Recently I have just finished reading a brilliant book by Author Brene Brown called Daring Greatly.
This book is all about the shame culture that we have been brought up to believe as truth. That shame is used in our parenting, leadership, our careers, our friendships to keep an emotional distance from people in our lives. I found personally, that I didn’t even realise how much shame inhibited me from living a vulnerable life of wholehearted living.
Here is the description of Brene’s book from the publishers;
Every day we experience the uncertainty, risks, and emotional exposure that define what it means to be vulnerable, or to dare greatly. Whether the arena is a new relationship, an important meeting, our creative process, or a difficult family conversation, we must find the courage to walk into vulnerability and engage with our whole hearts.
In Daring Greatly, Dr. Brown challenges everything we think we know about vulnerability. Based on twelve years of research, she argues that vulnerability is not weakness, but rather our clearest path to courage, engagement, and meaningful connection. The book that Dr. Brown’s many fans have been waiting for, Daring Greatly will spark a new spirit of truth—and trust—in our organizations, families, schools, and communities.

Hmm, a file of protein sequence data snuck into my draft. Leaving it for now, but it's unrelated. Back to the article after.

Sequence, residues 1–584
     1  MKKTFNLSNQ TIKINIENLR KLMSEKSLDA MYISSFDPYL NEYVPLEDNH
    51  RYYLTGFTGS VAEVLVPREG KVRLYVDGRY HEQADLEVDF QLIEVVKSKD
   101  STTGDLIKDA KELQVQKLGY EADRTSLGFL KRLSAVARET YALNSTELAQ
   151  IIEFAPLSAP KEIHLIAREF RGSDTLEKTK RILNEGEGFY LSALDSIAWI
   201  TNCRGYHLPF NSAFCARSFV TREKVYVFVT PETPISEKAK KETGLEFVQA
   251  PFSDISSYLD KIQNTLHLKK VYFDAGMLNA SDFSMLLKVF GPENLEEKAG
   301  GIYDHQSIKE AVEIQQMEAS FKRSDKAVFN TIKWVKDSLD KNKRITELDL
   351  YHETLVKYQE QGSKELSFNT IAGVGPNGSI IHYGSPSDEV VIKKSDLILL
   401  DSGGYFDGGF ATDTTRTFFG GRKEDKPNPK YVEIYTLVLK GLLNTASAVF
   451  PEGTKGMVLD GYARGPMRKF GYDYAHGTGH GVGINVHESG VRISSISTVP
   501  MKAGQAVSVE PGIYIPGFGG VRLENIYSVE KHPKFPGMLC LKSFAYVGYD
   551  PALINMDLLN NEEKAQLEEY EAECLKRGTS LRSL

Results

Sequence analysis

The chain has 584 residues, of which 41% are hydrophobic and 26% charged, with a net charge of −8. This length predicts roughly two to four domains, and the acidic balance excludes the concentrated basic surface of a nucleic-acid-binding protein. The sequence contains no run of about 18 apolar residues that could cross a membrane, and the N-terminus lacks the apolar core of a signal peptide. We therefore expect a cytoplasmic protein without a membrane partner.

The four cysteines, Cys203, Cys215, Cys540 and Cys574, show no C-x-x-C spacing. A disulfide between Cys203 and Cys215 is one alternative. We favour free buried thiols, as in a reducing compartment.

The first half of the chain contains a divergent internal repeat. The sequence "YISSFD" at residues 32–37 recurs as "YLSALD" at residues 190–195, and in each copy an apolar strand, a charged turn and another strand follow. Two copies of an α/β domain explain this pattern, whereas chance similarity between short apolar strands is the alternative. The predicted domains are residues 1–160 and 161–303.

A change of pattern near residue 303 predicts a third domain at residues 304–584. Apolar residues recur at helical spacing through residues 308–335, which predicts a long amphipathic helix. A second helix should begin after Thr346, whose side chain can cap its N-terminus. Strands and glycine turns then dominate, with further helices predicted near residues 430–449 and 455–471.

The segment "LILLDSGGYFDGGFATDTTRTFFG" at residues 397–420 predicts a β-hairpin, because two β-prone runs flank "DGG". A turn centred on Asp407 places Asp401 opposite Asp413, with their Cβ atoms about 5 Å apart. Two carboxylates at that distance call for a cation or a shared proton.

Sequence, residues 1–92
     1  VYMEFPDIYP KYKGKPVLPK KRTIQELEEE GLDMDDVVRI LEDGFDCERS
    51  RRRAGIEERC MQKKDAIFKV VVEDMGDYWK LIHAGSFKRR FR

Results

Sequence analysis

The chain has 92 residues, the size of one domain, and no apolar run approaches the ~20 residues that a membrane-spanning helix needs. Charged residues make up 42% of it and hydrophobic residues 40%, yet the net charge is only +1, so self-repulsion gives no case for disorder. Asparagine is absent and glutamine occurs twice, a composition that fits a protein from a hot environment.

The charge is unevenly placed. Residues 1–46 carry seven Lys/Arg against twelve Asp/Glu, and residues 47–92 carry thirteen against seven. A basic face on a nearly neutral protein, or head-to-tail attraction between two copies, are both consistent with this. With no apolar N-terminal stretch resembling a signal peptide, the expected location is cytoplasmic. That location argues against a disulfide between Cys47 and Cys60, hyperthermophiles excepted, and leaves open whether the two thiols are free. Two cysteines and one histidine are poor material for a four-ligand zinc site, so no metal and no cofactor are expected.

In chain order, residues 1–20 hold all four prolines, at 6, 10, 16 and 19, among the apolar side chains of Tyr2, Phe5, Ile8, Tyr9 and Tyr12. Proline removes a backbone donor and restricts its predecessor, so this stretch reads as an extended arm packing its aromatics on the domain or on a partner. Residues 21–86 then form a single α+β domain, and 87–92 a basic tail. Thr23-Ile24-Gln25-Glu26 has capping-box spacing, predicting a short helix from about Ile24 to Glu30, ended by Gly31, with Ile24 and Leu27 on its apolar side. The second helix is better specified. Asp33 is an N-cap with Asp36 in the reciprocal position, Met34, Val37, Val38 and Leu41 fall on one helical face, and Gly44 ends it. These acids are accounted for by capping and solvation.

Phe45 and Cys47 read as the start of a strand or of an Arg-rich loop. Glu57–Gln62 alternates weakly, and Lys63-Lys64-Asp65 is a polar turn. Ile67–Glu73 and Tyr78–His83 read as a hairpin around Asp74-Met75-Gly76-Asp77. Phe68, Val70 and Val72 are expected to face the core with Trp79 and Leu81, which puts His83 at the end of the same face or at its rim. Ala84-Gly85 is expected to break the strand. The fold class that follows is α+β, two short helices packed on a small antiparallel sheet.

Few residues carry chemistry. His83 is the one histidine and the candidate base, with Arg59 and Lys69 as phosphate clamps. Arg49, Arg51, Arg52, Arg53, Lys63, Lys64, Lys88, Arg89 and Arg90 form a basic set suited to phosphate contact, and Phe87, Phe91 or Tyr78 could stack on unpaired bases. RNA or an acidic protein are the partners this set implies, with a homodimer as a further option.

This month as Kinwomen, we have been looking at the topic of forgiveness. It takes vulnerability to ask for forgiveness and to give it wholeheartedly. It also takes great vulnerability to sit with the reality that someone is forgiving you for something that you have done to offend or hurt.
We cannot forgive ourselves or others without being vulnerable with the reality of our emotions.
Here is an encouraging one plus one interview that Brene did last year with the ABC news interviewer Whitney Fitzsimmons.
“It is not the critic who counts; not the man who points out how the strong man stumbles, or where the doer of deeds could have done them better. The credit belongs to the man who is actually in the arena, whose face is marred by dust and sweat and blood; who strives valiantly; . . . who at best knows in the end the triumph of high achievement, and who at worst, if he fails, at least fails while daring greatly.” Theodore Roosevelt
To extend forgiveness with grace, vulnerability and health it is essential that we press forward with courage and dare greatly.
I personally have found this month on forgiveness so challenging. Essentially so vulnerable. This book has helped me break down the walls that have been inhibiting me from moving forward and forgiving generously.
Let’s continue together to ‘Dare Greatly’ (click this link to find out where you can purchase the book) and live a whole life not inhibited by shame and regret. One that is empowered by vulnerability, courage and generous forgiveness.
If you would like to listen further to her thoughts on this, here is the original TED talk that I found a couple of years ago that started me on this journey.